John Lilburne was born at Greenwich, Kent in 1614 or 1615, and died at Eltham, Kent in 1657. His parents were minor gentry. In 1630 Lilburne began an apprenticeship to a Puritan cloth merchant in London, and shortly thereafter he joined the radical opposition to the policies of Charles I. He proved to be fiery, quick-tempered and a persistent publiciser of himself and his cause. In 1637 he smuggled from Holland copies of the Letany of John Bastwick, an account of Bastwick's punishments for supporting Presbyterianism and denouncing Catholicism. When one of Lilburne's accomplices betrayed him to the Archbishop of Canterbury's agents, he was arrested and tried before the Star Chamber, a body Lilburne detested and whose existence he publicly protested against. In a snub to the authority of the Chamber, when he was brought to the bar before its judges, Lilburne refused to doff his hat, bow or take the customary oath pledging to answer all interrogatories. In his unrepentant report of the events, The Christian Mans Triall (1638), Lilburne explained that since as a free-born Englishman he was the ‘peere and equall’ of the Chamber's judges, there was no reason for him to show deference.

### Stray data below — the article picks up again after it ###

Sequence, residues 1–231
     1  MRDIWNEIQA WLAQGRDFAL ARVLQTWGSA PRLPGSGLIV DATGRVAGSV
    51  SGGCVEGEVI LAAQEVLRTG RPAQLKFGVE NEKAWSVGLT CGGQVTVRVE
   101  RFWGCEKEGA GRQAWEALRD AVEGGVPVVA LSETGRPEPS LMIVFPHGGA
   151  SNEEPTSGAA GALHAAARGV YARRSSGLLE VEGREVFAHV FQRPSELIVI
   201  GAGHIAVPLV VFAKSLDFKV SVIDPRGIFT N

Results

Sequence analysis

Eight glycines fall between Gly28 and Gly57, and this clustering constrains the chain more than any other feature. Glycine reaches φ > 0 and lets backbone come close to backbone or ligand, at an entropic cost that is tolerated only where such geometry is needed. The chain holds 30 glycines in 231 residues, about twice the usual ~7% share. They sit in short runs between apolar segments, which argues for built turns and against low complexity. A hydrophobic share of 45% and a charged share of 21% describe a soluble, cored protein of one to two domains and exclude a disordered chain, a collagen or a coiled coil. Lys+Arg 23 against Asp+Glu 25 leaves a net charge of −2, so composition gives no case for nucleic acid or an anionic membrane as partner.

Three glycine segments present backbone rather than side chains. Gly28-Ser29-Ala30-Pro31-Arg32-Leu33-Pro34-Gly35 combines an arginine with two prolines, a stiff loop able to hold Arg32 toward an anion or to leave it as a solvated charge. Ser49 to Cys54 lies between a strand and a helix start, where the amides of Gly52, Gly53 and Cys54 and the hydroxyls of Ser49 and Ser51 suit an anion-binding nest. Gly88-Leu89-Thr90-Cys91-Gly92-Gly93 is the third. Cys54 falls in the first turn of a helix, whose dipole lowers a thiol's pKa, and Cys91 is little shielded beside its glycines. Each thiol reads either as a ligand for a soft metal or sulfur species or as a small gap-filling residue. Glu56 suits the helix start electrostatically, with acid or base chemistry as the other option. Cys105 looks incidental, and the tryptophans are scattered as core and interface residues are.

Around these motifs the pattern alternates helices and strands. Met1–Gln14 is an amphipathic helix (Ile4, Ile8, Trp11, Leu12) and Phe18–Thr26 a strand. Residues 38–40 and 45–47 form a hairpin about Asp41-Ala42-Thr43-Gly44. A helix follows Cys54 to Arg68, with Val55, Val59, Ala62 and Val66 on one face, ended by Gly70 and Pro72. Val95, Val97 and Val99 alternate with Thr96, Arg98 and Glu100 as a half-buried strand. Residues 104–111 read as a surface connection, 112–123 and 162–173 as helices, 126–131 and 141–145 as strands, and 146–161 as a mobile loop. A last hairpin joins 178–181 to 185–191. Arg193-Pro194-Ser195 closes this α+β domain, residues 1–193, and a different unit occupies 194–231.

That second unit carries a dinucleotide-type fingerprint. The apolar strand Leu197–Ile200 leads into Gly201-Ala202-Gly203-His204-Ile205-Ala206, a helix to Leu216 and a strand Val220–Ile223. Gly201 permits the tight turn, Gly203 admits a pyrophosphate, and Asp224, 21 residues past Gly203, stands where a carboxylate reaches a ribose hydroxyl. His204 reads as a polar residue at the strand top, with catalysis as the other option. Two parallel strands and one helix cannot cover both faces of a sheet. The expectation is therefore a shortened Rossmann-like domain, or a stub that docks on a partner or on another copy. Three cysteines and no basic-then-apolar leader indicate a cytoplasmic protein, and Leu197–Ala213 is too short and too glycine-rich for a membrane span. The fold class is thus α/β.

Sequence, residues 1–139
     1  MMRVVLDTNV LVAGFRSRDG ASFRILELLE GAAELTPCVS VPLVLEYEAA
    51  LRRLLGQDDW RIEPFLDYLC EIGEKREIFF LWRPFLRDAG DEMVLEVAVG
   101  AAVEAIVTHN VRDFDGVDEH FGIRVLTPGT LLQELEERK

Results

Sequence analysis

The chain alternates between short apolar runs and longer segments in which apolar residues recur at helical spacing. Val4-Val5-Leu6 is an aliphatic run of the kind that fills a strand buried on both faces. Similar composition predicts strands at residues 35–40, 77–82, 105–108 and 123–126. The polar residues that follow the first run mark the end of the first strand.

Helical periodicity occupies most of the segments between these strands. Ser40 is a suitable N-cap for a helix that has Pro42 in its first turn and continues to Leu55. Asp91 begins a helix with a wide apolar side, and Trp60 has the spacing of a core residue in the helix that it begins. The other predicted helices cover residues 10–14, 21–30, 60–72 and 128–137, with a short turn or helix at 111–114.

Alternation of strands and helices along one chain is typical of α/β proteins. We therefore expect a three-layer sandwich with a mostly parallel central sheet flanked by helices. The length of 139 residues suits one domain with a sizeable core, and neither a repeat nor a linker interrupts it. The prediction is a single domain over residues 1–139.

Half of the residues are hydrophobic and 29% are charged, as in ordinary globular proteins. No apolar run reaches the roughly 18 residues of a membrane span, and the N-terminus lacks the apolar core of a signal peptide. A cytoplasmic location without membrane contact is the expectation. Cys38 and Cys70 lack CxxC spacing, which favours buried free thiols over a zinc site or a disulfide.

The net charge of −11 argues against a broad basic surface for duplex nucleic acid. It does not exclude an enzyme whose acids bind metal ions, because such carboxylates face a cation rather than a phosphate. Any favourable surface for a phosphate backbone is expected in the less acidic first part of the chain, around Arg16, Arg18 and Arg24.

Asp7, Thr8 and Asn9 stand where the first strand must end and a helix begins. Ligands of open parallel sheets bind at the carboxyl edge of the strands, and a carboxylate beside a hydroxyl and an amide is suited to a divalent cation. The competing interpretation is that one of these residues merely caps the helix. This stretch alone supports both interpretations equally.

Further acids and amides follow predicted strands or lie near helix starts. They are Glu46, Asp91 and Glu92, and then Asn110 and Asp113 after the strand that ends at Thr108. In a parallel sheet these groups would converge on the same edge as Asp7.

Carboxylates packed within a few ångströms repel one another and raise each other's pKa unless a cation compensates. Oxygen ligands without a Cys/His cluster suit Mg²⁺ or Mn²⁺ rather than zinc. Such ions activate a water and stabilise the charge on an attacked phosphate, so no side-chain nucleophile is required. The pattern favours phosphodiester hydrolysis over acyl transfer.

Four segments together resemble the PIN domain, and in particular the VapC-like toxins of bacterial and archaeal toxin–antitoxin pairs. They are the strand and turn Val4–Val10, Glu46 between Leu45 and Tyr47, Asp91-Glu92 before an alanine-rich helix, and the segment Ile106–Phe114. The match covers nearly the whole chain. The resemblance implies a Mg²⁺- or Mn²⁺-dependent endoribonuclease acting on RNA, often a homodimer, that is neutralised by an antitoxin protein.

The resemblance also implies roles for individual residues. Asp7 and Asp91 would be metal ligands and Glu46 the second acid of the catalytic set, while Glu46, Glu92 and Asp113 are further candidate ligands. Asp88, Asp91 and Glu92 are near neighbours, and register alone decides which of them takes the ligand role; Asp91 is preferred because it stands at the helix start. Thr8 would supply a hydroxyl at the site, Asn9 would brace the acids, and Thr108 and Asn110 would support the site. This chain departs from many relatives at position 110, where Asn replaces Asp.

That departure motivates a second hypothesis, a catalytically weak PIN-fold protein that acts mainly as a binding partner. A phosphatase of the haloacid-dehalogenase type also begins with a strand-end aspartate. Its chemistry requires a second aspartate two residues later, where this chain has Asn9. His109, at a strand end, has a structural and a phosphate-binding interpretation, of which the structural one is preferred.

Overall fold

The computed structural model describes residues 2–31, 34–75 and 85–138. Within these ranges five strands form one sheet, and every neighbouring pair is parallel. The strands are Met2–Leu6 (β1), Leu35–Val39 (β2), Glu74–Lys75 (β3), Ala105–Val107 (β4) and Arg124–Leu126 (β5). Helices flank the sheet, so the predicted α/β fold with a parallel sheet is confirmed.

For his behaviour he was fined, publicly whipped, pilloried and finally imprisoned, receiving increasingly harsh punishment because he would not stop attacking the authority of the bishops. As David HUME wrote later, ‘It was found difficult to break the spirits of men, who placed both their honour and their conscience in suffering’ (Hume 1778, vol. 5: 244). Lilburne remained in prison until he was finally liberated by the Long Parliament in 1640 after a speech on his behalf by Cromwell. Lilburne then tried to lead a settled life by becoming a brewer and getting married, but his religious and political principles would not allow him to lead a quiet life.